Gene and variant databases are valuable resources that make it easier for scientists and researchers to access information about specific genes and genetic conditions. These databases contain a wealth of information about various genes and their associated variants, providing a comprehensive understanding of their functions and implications in human health.

One such gene that is extensively studied and cataloged in these databases is the OPA3 gene. Mutations in this gene have been linked to the development of Optic Atrophy Type 3 (OPA3), a rare autosomal recessive disorder characterized by reduced optic nerve function, hearing loss, and other neurological symptoms.

The Online Mendelian Inheritance in Man (OMIM) database is a widely used resource to gather information on genetic diseases. It includes a vast collection of clinical descriptions, genetic testing information, and additional references for genes and their associated diseases, including OPA3 gene-related disorders.

The Human Gene Mutation Database (HGMD) is another valuable database that compiles genetic variants from scientific articles and other related sources. It includes information on various genes, including the OPA3 gene, and provides detailed clinical and functional descriptions of the identified variants.

Additionally, the Genetic Testing Registry (GTR) provides a comprehensive list of genetic tests available for different genes and diseases. For OPA3 gene-related conditions, this registry lists the tests for optic atrophy and cataracts, among others.

Scientific articles and publications in PubMed also serve as important resources for gathering information on the OPA3 gene and its associated disorders. PubMed is a widely used database where researchers can access scholarly articles and references related to genetics and other scientific fields.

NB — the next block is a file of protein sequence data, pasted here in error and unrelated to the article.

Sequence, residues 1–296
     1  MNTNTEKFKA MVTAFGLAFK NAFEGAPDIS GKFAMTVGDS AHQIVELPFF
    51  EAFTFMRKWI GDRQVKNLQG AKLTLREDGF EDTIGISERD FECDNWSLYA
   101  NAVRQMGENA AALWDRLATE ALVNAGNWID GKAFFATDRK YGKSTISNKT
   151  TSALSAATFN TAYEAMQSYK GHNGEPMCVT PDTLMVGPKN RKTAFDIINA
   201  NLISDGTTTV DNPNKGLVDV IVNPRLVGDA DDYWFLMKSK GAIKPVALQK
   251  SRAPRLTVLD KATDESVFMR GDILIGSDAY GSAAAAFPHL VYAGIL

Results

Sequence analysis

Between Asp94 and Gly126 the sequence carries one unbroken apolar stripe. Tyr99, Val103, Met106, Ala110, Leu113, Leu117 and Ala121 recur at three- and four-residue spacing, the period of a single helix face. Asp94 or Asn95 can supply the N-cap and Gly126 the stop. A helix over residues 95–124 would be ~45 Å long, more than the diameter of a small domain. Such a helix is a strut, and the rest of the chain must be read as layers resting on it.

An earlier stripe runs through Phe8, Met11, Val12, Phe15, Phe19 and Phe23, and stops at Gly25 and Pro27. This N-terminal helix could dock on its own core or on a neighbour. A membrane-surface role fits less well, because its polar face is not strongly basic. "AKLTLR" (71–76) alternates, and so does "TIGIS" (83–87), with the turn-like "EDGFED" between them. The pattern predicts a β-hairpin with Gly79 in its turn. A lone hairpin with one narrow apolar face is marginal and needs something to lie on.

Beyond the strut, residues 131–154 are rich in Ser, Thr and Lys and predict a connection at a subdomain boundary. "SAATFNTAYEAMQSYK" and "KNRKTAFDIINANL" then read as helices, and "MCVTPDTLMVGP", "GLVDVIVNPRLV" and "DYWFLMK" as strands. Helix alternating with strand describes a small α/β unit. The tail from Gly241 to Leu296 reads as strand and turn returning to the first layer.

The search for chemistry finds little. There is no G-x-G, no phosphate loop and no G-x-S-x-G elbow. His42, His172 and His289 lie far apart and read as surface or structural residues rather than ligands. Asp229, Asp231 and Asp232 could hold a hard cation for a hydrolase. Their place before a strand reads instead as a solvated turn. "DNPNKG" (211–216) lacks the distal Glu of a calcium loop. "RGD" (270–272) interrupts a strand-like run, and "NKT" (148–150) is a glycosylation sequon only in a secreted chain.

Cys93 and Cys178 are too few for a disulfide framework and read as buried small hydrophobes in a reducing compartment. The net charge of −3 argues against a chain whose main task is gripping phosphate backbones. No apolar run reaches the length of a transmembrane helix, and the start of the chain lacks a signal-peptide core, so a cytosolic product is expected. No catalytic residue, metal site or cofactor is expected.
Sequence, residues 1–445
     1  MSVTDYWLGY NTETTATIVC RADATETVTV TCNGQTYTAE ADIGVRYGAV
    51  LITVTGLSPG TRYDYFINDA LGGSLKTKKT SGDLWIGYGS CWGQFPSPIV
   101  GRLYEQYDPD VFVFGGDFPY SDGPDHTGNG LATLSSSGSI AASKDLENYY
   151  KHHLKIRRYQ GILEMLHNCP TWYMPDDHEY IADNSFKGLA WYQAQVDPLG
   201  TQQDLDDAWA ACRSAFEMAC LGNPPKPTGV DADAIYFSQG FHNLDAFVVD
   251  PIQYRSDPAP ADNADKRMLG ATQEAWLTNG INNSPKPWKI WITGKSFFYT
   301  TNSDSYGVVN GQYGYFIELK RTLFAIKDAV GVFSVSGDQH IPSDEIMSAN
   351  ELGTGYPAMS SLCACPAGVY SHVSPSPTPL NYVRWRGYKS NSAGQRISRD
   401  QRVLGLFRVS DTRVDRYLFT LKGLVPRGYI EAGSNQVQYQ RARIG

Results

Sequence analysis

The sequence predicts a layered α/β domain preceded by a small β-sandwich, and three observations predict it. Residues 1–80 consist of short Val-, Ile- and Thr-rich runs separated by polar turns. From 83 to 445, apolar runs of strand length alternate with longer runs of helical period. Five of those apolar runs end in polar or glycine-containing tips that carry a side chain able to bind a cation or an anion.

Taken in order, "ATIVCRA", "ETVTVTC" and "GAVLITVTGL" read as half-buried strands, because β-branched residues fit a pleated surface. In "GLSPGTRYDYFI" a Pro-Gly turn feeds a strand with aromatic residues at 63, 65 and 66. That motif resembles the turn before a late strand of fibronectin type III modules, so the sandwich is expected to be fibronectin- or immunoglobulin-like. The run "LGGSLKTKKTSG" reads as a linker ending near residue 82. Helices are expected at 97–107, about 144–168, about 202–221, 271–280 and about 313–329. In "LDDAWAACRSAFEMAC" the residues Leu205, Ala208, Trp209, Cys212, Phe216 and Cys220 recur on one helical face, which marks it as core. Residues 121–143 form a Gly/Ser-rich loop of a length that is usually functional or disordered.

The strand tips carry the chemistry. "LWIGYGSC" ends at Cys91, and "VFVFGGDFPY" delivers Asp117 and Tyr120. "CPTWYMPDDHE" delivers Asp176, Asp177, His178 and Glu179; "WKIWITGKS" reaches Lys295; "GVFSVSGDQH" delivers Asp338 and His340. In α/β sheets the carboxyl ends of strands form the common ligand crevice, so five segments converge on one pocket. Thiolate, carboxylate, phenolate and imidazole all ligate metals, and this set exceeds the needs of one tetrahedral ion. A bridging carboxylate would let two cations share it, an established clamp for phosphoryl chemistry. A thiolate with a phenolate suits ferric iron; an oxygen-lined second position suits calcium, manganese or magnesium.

Overall, gene and variant databases play a crucial role in disseminating information about the OPA3 gene and other genes associated with optic atrophy and related disorders. They provide a consolidated source of information and help researchers and clinicians in understanding the molecular basis of these diseases and developing effective diagnostic and therapeutic strategies.

References

The following references provide additional information on the OPA3 gene and related diseases:

  • OMIM: Online Mendelian Inheritance in Man. A catalog of human genes and genetic disorders. The OPA3 gene is listed in OMIM under entry number 606580.
  • PubMed: A database of scientific articles. PubMed contains numerous articles written on the OPA3 gene and related conditions.
  • OPA3 Gene Testing: Information on genetic testing for the OPA3 gene can be found in various genetic testing laboratories and clinics.
  • Clinical Resources: Several clinical resources provide information on optic atrophy and other related conditions caused by OPA3 gene changes.
  • Catalog of Genes and Genetic Diseases: This catalog contains information on genes and genetic diseases, including those related to OPA3.
  • Autosomal Dominant Optic Atrophy (ADOA) Registry: A registry specifically dedicated to collecting information on individuals with ADOA, which is caused by OPA3 gene mutations.
  • Additional Resources: Other resources such as health databases, scientific databases, and articles provide further information on OPA3 gene and related conditions.